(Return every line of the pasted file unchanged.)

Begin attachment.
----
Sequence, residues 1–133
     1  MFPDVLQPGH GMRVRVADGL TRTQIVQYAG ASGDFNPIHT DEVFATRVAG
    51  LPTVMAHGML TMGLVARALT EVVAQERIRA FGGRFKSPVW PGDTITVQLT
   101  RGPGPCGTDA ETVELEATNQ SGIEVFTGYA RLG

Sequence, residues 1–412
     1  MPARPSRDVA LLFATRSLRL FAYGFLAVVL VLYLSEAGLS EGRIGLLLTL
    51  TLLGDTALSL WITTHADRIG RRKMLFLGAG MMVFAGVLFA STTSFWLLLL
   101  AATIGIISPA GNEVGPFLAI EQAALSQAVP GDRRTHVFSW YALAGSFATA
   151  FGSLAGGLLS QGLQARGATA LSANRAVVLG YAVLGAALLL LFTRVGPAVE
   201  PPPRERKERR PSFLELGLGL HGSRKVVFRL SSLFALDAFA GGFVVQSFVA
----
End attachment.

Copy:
Sequence, residues 1–133
     1  MFPDVLQPGH GMRVRVADGL TRTQIVQYAG ASGDFNPIHT DEVFATRVAG
    51  LPTVMAHGML TMGLVARALT EVVAQERIRA FGGRFKSPVW PGDTITVQLT
   101  RGPGPCGTDA ETVELEATNQ SGIEVFTGYA RLG

Sequence, residues 1–412
     1  MPARPSRDVA LLFATRSLRL FAYGFLAVVL VLYLSEAGLS EGRIGLLLTL
    51  TLLGDTALSL WITTHADRIG RRKMLFLGAG MMVFAGVLFA STTSFWLLLL
   101  AATIGIISPA GNEVGPFLAI EQAALSQAVP GDRRTHVFSW YALAGSFATA
   151  FGSLAGGLLS QGLQARGATA LSANRAVVLG YAVLGAALLL LFTRVGPAVE
   201  PPPRERKERR PSFLELGLGL HGSRKVVFRL SSLFALDAFA GGFVVQSFVA